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Do birth order and family size matter for intergenerational income mobility? Evidence from Sweden


  • Lindahl, Lena

    () (Swedish Institute for Social Research, Stockholm University)


Previous studies of intergenerational income mobility have not considered potential birth-order or family-size effects in the estimated income elasticity. This paper uses a large sample of individuals born between 1962 and 1964; income elasticities with respect to the father’s income are estimated for individuals in different birth-order positions for a given family size. This paper presents results based on labor income and total income for sons and daughters separately. The elasticity tends to decrease with birth order for a given family size, especially in the labor-income analysis of fathers and sons. Family size, on the other hand, does not seem to have a large impact on the intergenerational income elasticity.

Suggested Citation

  • Lindahl, Lena, 2002. "Do birth order and family size matter for intergenerational income mobility? Evidence from Sweden," Working Paper Series 5/2002, Stockholm University, Swedish Institute for Social Research.
  • Handle: RePEc:hhs:sofiwp:2002_005

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    References listed on IDEAS

    1. Solon, Gary, 1999. "Intergenerational mobility in the labor market," Handbook of Labor Economics,in: O. Ashenfelter & D. Card (ed.), Handbook of Labor Economics, edition 1, volume 3, chapter 29, pages 1761-1800 Elsevier.
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    Cited by:

    1. Black, Sandra E. & Devereux, Paul J. & Salvanes, Kjell G., 2009. "Like father, like son? A note on the intergenerational transmission of IQ scores," Economics Letters, Elsevier, vol. 105(1), pages 138-140, October.
    2. Arnaud Lefranc & Alain Trannoy, 2005. "Intergenerational earnings mobility in France: Is France more mobile than the U.S.?," Annals of Economics and Statistics, GENES, issue 78, pages 57-77.
    3. Boll, Christina & Hoffmann, Malte, 2015. "It's not all about parents' education, it also matters what they do: Parents' employment and children's school success in Germany," HWWI Research Papers 162, Hamburg Institute of International Economics (HWWI).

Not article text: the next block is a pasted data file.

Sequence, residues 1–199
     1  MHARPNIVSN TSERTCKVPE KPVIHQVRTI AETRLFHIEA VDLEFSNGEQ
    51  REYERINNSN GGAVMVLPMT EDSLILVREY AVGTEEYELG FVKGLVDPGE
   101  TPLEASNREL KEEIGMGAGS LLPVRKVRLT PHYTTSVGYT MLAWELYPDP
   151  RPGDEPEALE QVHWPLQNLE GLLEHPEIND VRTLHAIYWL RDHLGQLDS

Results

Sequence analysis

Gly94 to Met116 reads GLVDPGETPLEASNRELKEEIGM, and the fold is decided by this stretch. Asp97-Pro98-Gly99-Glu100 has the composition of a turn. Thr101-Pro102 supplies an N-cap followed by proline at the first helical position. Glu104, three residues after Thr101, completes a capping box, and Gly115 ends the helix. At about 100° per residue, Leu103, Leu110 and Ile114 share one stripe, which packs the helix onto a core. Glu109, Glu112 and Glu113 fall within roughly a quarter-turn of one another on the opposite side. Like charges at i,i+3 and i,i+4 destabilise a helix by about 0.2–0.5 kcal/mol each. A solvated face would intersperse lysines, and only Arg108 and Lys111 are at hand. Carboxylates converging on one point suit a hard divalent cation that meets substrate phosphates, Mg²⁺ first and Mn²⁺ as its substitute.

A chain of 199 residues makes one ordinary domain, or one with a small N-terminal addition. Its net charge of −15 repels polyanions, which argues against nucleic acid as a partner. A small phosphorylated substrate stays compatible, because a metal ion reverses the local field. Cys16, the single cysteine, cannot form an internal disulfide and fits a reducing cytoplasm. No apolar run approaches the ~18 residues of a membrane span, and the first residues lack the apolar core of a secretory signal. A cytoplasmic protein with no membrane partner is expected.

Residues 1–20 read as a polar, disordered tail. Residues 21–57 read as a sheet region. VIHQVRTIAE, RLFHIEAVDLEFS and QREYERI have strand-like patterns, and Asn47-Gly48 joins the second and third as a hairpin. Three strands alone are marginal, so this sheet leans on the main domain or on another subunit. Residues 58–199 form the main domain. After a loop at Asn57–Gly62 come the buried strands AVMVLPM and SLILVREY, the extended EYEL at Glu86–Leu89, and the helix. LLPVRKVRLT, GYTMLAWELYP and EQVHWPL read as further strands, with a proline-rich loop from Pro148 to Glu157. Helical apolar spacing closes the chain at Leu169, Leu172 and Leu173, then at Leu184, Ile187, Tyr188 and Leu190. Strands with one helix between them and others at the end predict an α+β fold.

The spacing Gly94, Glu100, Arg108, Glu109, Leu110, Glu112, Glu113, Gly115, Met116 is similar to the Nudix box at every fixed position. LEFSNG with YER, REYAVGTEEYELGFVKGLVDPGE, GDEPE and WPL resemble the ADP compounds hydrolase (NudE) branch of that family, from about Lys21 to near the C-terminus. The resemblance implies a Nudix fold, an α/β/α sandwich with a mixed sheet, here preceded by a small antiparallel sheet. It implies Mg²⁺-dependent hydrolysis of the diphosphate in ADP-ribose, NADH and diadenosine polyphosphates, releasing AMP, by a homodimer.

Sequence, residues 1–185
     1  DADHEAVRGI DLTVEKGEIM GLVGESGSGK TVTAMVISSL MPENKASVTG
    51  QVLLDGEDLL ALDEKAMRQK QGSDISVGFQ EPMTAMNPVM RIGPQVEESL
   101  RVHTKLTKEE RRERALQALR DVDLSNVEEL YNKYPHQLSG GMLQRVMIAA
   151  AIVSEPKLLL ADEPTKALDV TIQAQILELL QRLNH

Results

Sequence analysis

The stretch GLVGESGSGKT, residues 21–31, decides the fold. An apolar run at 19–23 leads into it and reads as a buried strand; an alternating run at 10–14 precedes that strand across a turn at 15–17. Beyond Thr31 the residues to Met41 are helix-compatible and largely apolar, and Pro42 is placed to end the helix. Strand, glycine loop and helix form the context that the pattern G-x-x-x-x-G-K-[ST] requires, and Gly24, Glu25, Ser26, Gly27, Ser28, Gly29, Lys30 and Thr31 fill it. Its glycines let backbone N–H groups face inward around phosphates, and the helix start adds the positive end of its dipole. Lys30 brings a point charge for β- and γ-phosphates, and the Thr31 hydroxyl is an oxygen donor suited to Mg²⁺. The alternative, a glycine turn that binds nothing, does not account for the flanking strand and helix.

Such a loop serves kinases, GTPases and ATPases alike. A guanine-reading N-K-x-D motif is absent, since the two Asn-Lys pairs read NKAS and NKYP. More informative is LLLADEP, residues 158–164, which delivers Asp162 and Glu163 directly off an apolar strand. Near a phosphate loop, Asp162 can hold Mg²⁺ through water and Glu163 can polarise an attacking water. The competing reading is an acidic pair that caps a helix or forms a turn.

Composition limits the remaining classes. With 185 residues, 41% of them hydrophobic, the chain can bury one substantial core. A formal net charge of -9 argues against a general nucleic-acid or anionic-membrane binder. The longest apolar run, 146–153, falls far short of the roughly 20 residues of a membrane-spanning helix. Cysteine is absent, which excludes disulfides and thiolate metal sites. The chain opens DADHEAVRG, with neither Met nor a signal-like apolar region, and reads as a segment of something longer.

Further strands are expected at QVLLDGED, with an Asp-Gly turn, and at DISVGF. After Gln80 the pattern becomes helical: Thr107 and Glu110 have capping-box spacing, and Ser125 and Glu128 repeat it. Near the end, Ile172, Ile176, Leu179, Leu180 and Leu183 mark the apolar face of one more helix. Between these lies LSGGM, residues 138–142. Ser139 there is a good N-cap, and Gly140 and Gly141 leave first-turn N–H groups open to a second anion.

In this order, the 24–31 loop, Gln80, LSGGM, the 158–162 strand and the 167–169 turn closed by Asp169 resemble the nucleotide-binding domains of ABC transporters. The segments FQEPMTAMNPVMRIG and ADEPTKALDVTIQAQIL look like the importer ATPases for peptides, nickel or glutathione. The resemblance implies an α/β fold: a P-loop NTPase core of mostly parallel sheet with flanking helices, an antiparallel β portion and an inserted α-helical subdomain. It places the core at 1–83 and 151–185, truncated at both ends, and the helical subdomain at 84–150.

4. Brian Nolan & Gosta Esping-Andersen & Christopher T. Whelan & Bertrand Maitre, 2010. "The Role of Social Institutions in Inter-Generational Mobility," Working Papers 201018, Geary Institute, University College Dublin.
    5. Espen Bratberg & Øivind Anti Nilsen & Kjell Vaage, 2012. "Is Recipiency of Disability Pension Hereditary?," CESifo Working Paper Series 3796, CESifo Group Munich.
    6. Blaess, Virginie, 2005. "Siblings and Educational Attainment in West Germany," Discussion Papers 2005,001E, University of Erfurt, Faculty of Economics, Law and Social Sciences.
    7. Holmlund, Helena, 2006. "Intergenerational Mobility and Assortative Mating. Effects of an Educational Reform," Working Paper Series 4/2006, Stockholm University, Swedish Institute for Social Research.
    8. Anna Christina D'Addio, 2007. "Intergenerational Transmission of Disadvantage: Mobility or Immobility Across Generations?," OECD Social, Employment and Migration Working Papers 52, OECD Publishing.
    9. Corak, Miles, 2006. "Do Poor Children Become Poor Adults? Lessons from a Cross Country Comparison of Generational Earnings Mobility," IZA Discussion Papers 1993, Institute for the Study of Labor (IZA).

    More about this item


    Birth order; family size; intergenerational mobility.;

    JEL classification:

    • J12 - Labor and Demographic Economics - - Demographic Economics - - - Marriage; Marital Dissolution; Family Structure
    • J62 - Labor and Demographic Economics - - Mobility, Unemployment, Vacancies, and Immigrant Workers - - - Job, Occupational and Intergenerational Mobility; Promotion

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